The subject is taken up again in another context where God declared His intention to the angels that “I am about to appoint a vicegerent in the earth.” The angels protested, as the text goes, and said: “we extol and glorify Thee,” whereas Man is prone to corruption and bloodshed. Then the angels were told: “surely I know what you know not.” This is immediately followed by the affirmation: “And God taught Adam the names of all things...” (Q, 2:30-32), which would seem to suggest that knowledge and capacity to learn are relevant to the dignity and nobility of Man. A level of intimacy and closeness is also shown in the divine affirmation that “I created (Adam) with My own Hand.” For in most other places where a reference occurs to God’s creation, it is often said that God commands it or wills it so and it becomes. But more explicitly, this intimacy is shown in God’s illustrious affirmation: “And I breathed into him (Adam) of My Own spirit” (Q, 38:72).

The spiritual superiority of humankind in the foregoing verses is then further supplemented by references to their physical constitution in places, for example, where God declares “Indeed, We created humankind in the best of forms;” and “We fashioned you in the best of images....”[3] It is reported in a hadith that the Prophet stood one day in front of the Ka’bah, the holiest of all places known to Islam, and said in a symbolic language:

You are most pure and most dignified, but the One in whose hands Muhammad's life reposes, the sanctity and honour of a believer, his life and his property, is far greater in the eyes of God.[4]

The Qur’anic vision of dignity for the human race has also been upheld for the Muslim community, whom God has ranked in honour (al-‘izzah) next to His own illustrious Self and His Messenger, Muhammad (Q, 63:8). The Qur’anic designation of the Muslim community (ummah) is also that of “a community of moderation (ummatan wasatan- Q, 2:143), committed to the promotion of good, and rejection of evil (Q, 3:110), dedicated to the vindication of truth and justice (Q, 3:103). To quote the Holy Book: “The believers, both men and women, are friends and protectors of one another; they enjoin good and they forbid evil.”(Q, 9:71) This is given a more concrete manifestation in the following hadith: “If any of you sees something evil, he should set it right with his hand; if he is unable to do so, then with his tongue, and if he is unable to do even that, then (let him denounce it) in his heart. But this is the weakest form of faith.”[5] This is an evidently open address to all human beings. We find no evidence anywhere in the sources to say that non-Muslims may not participate in the promotion of good or prevention of corruption and evil that endanger individuals and societies.[6] In two of his other sayings, the Prophet is also quoted to have said: “the best part of faith is to have beautiful manners;”[7] and that: “I have been sent in order to perfect moral virtues (among you).”[8]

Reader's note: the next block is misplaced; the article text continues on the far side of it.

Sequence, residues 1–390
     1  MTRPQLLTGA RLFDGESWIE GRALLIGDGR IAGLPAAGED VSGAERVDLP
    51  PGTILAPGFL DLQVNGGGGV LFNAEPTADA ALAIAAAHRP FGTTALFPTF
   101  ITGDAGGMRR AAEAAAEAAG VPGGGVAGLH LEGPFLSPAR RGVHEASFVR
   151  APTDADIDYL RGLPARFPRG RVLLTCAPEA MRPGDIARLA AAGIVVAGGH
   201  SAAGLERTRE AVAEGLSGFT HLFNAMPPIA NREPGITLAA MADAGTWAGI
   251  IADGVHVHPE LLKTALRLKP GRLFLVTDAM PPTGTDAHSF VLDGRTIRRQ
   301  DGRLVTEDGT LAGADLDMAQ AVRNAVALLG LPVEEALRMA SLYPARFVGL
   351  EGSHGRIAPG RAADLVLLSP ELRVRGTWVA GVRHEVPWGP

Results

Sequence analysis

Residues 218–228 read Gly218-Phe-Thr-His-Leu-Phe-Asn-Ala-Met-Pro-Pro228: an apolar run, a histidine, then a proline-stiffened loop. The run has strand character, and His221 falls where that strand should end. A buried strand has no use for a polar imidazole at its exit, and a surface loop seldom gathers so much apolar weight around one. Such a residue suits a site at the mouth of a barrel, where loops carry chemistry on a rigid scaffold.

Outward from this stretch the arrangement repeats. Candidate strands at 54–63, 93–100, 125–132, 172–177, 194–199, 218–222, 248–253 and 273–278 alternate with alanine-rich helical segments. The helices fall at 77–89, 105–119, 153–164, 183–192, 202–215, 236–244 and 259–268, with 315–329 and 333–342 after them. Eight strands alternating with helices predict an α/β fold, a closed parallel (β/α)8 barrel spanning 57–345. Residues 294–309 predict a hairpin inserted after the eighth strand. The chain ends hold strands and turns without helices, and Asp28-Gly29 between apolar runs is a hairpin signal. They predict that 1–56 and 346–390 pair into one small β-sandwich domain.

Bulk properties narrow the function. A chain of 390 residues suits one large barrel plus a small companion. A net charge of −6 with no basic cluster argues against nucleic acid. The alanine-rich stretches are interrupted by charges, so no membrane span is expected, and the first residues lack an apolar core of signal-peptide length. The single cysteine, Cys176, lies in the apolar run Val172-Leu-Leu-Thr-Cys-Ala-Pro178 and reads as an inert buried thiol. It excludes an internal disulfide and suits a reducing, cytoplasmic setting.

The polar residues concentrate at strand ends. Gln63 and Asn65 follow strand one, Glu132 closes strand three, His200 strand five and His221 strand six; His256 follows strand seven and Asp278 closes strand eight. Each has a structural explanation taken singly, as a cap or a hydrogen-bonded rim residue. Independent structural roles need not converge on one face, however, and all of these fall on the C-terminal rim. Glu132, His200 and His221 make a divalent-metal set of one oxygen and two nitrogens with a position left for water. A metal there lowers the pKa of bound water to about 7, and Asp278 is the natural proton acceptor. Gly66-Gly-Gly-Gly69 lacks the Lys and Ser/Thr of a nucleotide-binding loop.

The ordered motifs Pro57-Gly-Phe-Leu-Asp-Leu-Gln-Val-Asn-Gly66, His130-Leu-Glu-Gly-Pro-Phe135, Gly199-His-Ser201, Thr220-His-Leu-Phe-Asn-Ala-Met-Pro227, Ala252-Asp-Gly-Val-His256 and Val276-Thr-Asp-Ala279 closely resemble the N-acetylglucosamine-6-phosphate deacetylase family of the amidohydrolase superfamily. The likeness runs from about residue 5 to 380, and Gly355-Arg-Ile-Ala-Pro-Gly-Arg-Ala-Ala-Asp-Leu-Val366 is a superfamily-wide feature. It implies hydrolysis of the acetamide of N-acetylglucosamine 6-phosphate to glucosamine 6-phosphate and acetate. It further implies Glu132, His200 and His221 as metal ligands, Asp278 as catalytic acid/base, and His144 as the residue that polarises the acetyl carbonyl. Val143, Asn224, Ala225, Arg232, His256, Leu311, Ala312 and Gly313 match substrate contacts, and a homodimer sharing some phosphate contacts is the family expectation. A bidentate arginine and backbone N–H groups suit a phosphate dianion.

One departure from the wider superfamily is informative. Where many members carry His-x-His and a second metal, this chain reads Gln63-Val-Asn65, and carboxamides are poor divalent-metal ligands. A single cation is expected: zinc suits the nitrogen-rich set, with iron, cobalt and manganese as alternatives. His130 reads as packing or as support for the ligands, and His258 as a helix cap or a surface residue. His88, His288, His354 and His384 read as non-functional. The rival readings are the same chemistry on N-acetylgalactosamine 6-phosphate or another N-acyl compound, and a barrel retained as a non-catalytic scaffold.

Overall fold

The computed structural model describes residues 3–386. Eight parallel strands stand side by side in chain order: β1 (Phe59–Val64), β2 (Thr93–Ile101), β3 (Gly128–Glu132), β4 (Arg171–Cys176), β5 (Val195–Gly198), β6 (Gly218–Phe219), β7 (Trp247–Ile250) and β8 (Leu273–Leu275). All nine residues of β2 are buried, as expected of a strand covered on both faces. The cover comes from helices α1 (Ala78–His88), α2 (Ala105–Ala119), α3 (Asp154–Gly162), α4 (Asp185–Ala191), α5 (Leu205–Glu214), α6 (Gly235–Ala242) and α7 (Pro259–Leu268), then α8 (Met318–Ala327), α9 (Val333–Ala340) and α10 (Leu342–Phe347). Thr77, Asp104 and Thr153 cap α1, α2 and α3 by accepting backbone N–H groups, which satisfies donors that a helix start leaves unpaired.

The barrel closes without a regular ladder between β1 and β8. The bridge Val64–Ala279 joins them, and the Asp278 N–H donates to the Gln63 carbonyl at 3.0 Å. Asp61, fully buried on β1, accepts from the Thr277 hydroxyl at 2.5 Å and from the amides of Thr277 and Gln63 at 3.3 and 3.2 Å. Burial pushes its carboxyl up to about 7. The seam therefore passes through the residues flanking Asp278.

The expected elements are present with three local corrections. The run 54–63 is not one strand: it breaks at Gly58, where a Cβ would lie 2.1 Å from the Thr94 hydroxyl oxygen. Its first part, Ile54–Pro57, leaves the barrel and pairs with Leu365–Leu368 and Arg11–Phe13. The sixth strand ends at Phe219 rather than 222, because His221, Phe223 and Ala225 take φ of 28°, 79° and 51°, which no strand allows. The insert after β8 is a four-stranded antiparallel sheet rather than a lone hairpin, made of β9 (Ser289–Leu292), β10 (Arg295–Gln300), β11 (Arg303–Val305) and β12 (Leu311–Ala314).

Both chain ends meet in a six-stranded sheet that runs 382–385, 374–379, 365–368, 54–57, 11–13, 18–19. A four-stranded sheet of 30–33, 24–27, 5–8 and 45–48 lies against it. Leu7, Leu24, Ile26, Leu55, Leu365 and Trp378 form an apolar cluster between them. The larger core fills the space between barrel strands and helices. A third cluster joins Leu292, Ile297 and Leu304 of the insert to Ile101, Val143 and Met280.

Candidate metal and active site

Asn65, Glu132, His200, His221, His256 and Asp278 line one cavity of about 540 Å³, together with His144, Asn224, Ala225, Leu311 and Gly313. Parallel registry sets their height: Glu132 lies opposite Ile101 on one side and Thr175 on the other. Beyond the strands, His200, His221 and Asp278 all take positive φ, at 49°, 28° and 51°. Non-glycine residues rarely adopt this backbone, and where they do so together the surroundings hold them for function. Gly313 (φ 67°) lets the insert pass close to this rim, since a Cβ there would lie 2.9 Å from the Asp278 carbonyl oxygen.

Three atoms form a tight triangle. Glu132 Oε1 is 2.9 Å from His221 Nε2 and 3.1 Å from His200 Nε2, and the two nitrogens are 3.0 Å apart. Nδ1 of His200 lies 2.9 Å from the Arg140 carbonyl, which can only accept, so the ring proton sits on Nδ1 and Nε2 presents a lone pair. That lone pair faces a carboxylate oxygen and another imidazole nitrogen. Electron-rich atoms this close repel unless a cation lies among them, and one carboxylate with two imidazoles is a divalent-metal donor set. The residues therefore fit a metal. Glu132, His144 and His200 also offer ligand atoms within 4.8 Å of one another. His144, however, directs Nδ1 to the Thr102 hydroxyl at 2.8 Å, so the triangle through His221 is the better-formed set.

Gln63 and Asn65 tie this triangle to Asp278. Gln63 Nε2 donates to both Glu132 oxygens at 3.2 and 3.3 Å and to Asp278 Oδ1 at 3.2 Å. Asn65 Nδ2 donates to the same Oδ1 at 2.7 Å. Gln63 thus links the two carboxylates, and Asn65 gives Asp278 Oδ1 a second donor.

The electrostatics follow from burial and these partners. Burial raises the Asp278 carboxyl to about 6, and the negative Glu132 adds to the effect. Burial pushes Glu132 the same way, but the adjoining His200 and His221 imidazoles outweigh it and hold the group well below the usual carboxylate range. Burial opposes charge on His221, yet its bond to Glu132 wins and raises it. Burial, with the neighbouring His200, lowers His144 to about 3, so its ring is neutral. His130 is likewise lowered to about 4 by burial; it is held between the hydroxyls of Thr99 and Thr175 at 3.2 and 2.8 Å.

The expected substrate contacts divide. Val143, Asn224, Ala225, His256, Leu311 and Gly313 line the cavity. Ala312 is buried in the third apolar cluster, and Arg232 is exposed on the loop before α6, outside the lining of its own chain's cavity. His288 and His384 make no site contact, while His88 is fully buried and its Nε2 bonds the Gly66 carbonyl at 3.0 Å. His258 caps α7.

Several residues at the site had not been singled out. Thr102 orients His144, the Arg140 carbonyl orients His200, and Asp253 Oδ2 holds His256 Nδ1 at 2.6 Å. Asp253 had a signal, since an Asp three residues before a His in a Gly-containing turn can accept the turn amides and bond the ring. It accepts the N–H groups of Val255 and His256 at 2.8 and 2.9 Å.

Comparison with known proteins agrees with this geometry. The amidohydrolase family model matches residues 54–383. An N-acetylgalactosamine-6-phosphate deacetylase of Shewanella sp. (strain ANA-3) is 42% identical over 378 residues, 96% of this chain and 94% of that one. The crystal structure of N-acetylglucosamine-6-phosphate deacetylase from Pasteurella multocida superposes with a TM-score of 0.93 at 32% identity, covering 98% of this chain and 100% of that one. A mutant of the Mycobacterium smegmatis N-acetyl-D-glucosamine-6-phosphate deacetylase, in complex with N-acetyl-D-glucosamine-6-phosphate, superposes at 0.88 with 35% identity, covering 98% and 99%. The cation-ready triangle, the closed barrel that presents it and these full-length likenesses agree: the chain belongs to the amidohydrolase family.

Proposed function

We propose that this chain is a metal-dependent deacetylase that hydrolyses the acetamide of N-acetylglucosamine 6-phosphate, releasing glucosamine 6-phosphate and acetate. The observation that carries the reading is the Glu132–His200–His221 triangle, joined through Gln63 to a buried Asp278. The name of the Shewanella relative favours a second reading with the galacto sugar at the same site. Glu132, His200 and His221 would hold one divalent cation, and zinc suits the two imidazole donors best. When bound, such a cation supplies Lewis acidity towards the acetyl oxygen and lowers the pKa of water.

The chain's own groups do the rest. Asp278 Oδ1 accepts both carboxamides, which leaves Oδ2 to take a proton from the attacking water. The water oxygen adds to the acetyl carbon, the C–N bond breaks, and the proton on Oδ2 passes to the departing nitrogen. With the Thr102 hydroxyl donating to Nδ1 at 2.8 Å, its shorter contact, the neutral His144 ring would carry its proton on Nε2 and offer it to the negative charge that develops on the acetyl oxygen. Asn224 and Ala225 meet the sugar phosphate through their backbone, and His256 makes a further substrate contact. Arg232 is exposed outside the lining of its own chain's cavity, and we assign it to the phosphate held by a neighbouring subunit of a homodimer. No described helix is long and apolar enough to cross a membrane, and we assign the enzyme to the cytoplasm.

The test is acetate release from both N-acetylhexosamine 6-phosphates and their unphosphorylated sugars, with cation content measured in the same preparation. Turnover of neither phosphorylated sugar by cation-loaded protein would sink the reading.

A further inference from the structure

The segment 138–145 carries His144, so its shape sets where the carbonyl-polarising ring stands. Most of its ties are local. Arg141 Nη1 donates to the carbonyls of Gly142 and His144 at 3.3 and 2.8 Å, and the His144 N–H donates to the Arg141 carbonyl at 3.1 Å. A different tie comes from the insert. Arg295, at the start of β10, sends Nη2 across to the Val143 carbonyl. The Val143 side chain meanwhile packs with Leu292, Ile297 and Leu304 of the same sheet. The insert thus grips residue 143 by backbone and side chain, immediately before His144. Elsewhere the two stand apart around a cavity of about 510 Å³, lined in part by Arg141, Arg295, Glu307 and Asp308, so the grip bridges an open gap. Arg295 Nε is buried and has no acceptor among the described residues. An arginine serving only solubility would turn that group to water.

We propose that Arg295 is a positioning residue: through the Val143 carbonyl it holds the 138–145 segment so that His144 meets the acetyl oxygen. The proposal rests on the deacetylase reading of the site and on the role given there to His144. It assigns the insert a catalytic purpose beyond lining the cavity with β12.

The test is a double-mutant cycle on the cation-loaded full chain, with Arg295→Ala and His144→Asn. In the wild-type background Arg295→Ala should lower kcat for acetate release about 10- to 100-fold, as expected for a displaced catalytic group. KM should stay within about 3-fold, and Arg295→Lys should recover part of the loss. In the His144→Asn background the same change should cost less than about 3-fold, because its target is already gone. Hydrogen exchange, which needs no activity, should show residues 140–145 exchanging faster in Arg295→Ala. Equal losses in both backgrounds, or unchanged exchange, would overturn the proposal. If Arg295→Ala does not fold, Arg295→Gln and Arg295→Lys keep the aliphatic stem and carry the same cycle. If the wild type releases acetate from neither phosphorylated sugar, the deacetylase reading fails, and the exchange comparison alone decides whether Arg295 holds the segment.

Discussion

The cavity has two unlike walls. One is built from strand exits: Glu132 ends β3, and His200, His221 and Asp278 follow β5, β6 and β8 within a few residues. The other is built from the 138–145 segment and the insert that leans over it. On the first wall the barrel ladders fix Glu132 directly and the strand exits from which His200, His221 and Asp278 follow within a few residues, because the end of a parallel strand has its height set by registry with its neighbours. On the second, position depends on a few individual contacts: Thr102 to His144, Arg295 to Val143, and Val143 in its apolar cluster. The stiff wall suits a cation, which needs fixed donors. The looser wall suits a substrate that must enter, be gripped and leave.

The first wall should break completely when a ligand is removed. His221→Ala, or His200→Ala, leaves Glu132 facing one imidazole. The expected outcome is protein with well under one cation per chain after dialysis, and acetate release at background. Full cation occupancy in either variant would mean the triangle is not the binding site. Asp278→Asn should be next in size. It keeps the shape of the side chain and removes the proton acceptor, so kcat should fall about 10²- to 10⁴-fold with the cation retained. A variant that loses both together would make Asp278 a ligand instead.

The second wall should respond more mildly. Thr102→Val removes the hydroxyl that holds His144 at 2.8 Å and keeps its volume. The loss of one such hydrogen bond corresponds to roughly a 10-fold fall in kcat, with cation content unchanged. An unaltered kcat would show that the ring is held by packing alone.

Rights and obligations are a manifestation of human dignity in all major legal traditions and the Shari’ah is no exception. There may be some differences of orientation among legal systems, but as far as Islamic law is concerned the emphasis is not so much on rights and obligations as it is on justice. A balanced approach to rights and duties is essential to the conception of justice in all major legal traditions. Yet legal systems are also shaped to some extent by the philosophical underpinnings of a society’s vision of a balanced mix of rights and duties. The western liberal tradition and its strong advocacy of individualism is thus manifested in a greater emphasis on rights, whereas Islam’s emphasis on spirituality and ethics, and how rationality and human interpretation understand the guidelines of the revealed text impact its conception of justice. The emphasis here tends to be more on duties and respect for the rights of the other more than that of one’s own. Islamic law has consequently leaned more toward duties than rights.[9] I have elsewhere elaborated on this and advanced the view that human dignity provides a more objective basis of a modern doctrine of human rights in Islam, in preference perhaps, to the rights-based approach of the human rights discourse that is articulated in the 1948 Universal Declaration of Human Rights. The latter places a much greater emphasis on rights compared to obligations, just as it also neglects collective rights of the community- subjects that have been widely discussed and to some extent rectified by the two subsequent treaties on economic rights, and on social and cultural rights that together with the UDHR constitute the International Bill of Rights.